Location: Range Management ResearchTitle: Vulnerability of field crops to midcentury temperature changes and yield effects in the Southwestern USA
|MARKLEIN, ALISON - Lawrence Berkeley National Laboratory|
|ABATZOGLOU, JOHN - University Of Idaho|
|DIALESANDRO, JAKE - University Of California|
|BROWN, JOEL - Natural Resources Conservation Service (NRCS, USDA)|
|STEELE, CAITI - New Mexico State University|
Submitted to: Journal of Climate Change
Publication Type: Peer Reviewed Journal
Publication Acceptance Date: 10/24/2017
Publication Date: 11/28/2017
Citation: Elias, E.H., Marklein, A., Abatzoglou, J.T., Dialesandro, J., Brown, J., Steele, C., Rango, A., Steenwerth, K.L. 2017. Vulnerability of field crops to midcentury temperature changes and yield effects in the Southwestern USA. Journal of Climate Change. 148(3):405-417. https://doi.org/10.1007/s10584-017-2108-8.
Interpretive Summary: Projected midcentury temperatures will impact where field crops can grow and decrease yield potential. There will be more heat stress for crops. While parts of the region will be outside historic thermal ranges where specific crops are grown, other areas will emerge that are within the current thermal range. Potential cultivation area and yeild for maize will decline. While the thermal range for the area presenting growing cotton will nearly double, heat stress could reduce cotton yields by 38% of yield potential by midcentury.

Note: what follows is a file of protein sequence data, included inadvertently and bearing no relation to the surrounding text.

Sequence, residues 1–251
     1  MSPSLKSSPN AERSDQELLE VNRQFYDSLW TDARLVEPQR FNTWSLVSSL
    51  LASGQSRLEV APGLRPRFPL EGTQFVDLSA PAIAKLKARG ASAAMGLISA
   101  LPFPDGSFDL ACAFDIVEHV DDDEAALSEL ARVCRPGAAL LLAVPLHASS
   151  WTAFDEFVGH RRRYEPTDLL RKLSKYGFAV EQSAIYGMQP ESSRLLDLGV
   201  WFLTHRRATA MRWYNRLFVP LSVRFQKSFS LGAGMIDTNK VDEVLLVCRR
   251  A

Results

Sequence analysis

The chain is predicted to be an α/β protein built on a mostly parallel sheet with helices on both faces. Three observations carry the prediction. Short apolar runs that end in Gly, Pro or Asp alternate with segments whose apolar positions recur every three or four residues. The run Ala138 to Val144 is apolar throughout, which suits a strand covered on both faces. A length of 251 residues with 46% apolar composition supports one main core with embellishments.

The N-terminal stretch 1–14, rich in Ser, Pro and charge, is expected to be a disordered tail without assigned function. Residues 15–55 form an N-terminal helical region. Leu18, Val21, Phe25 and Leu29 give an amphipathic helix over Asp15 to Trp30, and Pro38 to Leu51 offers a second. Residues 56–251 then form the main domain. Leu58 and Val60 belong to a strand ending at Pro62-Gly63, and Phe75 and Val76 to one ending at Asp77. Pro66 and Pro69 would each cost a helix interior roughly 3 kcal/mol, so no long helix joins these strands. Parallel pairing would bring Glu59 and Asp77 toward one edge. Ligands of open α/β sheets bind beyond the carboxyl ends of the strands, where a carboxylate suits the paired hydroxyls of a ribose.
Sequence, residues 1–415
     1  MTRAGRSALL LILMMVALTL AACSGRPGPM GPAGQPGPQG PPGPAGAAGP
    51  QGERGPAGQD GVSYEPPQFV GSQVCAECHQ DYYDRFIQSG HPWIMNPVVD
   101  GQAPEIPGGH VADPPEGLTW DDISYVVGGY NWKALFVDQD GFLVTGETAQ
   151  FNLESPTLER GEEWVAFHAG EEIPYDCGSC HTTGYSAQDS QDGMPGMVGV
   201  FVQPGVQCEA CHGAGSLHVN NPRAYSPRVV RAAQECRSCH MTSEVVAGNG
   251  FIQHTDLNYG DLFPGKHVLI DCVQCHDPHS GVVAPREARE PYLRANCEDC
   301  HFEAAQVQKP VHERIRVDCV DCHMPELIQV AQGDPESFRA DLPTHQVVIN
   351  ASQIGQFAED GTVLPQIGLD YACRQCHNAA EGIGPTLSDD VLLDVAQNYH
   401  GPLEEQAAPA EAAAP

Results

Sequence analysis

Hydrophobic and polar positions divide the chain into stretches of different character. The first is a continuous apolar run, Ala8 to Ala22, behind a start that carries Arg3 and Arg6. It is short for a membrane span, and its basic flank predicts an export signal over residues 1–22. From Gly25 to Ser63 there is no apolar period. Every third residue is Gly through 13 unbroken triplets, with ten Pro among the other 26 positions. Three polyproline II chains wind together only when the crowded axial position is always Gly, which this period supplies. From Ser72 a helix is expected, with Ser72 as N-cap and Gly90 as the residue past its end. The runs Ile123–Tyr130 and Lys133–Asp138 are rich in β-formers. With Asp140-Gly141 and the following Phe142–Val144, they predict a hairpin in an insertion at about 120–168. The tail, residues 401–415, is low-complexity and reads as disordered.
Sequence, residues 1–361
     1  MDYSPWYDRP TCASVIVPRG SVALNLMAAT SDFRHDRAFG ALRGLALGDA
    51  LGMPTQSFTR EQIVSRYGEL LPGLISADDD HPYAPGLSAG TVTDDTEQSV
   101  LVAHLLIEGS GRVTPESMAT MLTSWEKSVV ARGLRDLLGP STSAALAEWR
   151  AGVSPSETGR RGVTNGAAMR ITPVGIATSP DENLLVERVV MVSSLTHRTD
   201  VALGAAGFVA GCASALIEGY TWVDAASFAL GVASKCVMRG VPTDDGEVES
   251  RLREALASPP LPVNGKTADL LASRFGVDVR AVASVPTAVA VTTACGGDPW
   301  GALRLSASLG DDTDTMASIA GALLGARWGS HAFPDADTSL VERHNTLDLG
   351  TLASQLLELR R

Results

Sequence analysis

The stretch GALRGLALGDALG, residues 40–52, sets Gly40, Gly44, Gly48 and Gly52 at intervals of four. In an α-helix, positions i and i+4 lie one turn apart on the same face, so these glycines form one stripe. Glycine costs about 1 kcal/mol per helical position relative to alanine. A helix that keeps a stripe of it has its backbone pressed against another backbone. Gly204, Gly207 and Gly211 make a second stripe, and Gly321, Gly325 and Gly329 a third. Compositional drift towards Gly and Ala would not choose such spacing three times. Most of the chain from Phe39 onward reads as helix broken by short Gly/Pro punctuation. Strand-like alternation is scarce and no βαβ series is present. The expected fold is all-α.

Technical Abstract: Increased temperatures in the Southwestern United States will impact future crop production via multiple pathways. We used four methods to provide an illustrative analysis of midcentury temperature impacts to eight field crops. By midcentury, cropland area thermally suitable for maize cultivation is projected to decrease, while area suitable for cotton cultivation expands northward and nearly doubles in extent. The increase in area exposed to daily temperatures >35°C was highest for oat and maize. Estimates of yield reduction from heat stress for both maize and cotton indicate that historically, SW heat stress reduced cotton yield by 26% and maize yield by 18% compared to potential yield. By midcentury we predict yield reduction from heat stress will reduce cotton and maize yields by 37% and 27%, respectively, compared to potential yield. Our results contradict the notion that the warmest counties will be the most impacted from a field crop perspective. Rather, future temperature, total crop area and crop sensitivity contribute to more complex county-level impacts. Identification of representative target environments under future temperature regimes can inform development of farm-based networks to evaluate new crop germplasm with increased heat tolerance and viable adaptation and management strategies to respond effectively to future temperatures.